Last Sunday, Melody Aravena received the devastating call from an Orange County hospital, informing her of husband Rolando Aravena’s tragic death, the Time Herald-Record reports.
He was 44.
“We’re broken and hurting,” she told the publication. “We don’t know how to survive without him. He was the rock of our family.”
“The government and healthcare system failed us. They waited too long (to take actions),” she said. “On his last day, the hospital still told us to stay home and self-quarantine, but he was dying.”
Rolando started showing COVID-19 symptoms, like chills and fever, on March 19. A week earlier, he’d been sent to work at a Manhattan hospital as a field technician for Verizon.
Melody told the publication that his workplace didn’t provide him with any gear to protect him from contracting the virus.
They called the coronavirus hotline in the city right away and waited five hours on the phone before scheduling a test on March 26, KCTV News reports, but his condition worsened as they waited for the day to come.
“The doctors sent him away three times,” she claimed on Instagram, per the broadcast station. “Even with an oxygen level of 89.”
They went home with an inhaler and instruction to self-quarantine, only to find themselves back in hospital on March 29 when he began having trouble breathing.
She was told she couldn’t stay at the hospital, and went home to blow out her daughter’s birthday candles.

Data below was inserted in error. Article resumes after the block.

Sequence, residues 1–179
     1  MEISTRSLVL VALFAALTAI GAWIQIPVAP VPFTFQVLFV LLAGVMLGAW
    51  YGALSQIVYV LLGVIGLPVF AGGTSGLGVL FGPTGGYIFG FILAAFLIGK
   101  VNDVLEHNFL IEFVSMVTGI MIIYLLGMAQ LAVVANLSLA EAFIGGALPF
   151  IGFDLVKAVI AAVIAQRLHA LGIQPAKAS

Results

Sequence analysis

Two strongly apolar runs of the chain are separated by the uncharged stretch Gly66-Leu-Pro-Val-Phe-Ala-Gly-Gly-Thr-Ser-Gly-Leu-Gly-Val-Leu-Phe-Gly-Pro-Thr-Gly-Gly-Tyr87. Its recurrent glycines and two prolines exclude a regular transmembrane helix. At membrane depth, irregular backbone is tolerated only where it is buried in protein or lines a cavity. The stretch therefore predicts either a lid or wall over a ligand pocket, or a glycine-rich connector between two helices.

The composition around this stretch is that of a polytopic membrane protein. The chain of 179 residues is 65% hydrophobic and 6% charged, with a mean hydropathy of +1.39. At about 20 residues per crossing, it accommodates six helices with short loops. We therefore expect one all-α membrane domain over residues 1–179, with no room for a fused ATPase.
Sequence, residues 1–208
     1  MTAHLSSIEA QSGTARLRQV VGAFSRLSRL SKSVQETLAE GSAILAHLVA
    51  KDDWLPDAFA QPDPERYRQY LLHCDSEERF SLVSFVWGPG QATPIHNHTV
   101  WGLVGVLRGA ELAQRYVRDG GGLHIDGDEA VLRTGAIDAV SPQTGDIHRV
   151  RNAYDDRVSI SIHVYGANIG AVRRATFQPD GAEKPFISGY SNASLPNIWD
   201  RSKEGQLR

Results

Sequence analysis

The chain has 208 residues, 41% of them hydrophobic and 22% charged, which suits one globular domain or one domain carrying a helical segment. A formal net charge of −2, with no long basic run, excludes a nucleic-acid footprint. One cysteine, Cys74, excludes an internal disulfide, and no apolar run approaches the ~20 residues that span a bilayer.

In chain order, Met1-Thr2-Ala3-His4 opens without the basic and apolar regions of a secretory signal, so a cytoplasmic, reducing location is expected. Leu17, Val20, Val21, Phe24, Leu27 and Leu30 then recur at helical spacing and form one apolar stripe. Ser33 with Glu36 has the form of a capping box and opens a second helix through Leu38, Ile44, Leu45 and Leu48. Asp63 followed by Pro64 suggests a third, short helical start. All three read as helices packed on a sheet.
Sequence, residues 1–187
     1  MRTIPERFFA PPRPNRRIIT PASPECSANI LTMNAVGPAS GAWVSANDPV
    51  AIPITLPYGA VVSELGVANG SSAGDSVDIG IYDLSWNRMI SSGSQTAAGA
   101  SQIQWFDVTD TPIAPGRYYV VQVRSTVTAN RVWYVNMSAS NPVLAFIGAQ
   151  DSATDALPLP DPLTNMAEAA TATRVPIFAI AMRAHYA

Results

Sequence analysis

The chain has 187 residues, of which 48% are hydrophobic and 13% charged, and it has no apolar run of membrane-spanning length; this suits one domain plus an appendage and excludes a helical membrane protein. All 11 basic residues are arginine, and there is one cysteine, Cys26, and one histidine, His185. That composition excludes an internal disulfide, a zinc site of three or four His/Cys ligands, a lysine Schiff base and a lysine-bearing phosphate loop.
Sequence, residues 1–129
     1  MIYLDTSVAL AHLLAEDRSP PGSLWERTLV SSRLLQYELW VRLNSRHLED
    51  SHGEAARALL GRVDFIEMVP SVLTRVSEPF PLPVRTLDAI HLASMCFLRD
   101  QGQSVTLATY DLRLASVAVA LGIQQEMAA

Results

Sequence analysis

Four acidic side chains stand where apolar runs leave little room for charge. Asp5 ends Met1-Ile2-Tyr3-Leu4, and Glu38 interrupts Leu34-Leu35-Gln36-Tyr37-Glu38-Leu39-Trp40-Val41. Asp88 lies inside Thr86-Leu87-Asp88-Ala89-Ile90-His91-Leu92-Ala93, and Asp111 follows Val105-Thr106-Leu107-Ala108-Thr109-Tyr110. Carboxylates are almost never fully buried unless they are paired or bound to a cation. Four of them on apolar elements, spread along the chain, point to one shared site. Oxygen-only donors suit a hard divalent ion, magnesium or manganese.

He died hours later. Two days later, she received her husband’s positive coronavirus test results.
The Centre for Disease Control and Prevention guidelines state that anyone with an oxygen level of 94 per cent or below must be hospitalized.
The Time Herald-Record says his level was 90 per cent before he was given an oxygen pump.
A GoFundMe was launched on Friday in support of the Aravena family, and has raised more than US$73,000 by Monday.
Questions about COVID-19? Here are some things you need to know:
Health officials caution against all international travel. Returning travellers are legally obligated to self-isolate for 14 days, beginning March 26, in case they develop symptoms and to prevent spreading the virus to others. Some provinces and territories have also implemented additional recommendations or enforcement measures to ensure those returning to the area self-isolate.
Symptoms can include fever, cough and difficulty breathing — very similar to a cold or flu. Some people can develop a more severe illness. People most at risk of this include older adults and people with severe chronic medical conditions like heart, lung or kidney disease. If you develop symptoms, contact public health authorities.
To prevent the virus from spreading, experts recommend frequent handwashing and coughing into your sleeve. They also recommend minimizing contact with others, staying home as much as possible and maintaining a distance of two metres from other people if you go out.
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